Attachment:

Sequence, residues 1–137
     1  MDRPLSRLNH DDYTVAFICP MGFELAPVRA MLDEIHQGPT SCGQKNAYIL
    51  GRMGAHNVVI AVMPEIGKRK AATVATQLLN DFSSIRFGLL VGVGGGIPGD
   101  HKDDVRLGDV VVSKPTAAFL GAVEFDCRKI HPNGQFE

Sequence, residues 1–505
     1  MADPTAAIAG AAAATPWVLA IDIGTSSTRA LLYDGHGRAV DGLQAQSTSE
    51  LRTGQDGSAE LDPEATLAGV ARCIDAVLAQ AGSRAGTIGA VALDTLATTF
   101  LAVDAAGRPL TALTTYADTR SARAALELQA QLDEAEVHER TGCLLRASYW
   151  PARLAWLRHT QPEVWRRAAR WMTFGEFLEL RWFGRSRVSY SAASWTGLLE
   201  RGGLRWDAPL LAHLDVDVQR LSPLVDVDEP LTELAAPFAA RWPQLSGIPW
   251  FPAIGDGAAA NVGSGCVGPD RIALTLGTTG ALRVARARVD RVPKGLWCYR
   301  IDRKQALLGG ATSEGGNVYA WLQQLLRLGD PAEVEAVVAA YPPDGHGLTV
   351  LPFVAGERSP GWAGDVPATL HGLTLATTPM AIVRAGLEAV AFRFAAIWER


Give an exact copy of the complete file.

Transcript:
Sequence, residues 1–137
     1  MDRPLSRLNH DDYTVAFICP MGFELAPVRA MLDEIHQGPT SCGQKNAYIL
    51  GRMGAHNVVI AVMPEIGKRK AATVATQLLN DFSSIRFGLL VGVGGGIPGD
   101  HKDDVRLGDV VVSKPTAAFL GAVEFDCRKI HPNGQFE

Sequence, residues 1–505
     1  MADPTAAIAG AAAATPWVLA IDIGTSSTRA LLYDGHGRAV DGLQAQSTSE
    51  LRTGQDGSAE LDPEATLAGV ARCIDAVLAQ AGSRAGTIGA VALDTLATTF
   101  LAVDAAGRPL TALTTYADTR SARAALELQA QLDEAEVHER TGCLLRASYW
   151  PARLAWLRHT QPEVWRRAAR WMTFGEFLEL RWFGRSRVSY SAASWTGLLE
   201  RGGLRWDAPL LAHLDVDVQR LSPLVDVDEP LTELAAPFAA RWPQLSGIPW
   251  FPAIGDGAAA NVGSGCVGPD RIALTLGTTG ALRVARARVD RVPKGLWCYR
   301  IDRKQALLGG ATSEGGNVYA WLQQLLRLGD PAEVEAVVAA YPPDGHGLTV
   351  LPFVAGERSP GWAGDVPATL HGLTLATTPM AIVRAGLEAV AFRFAAIWER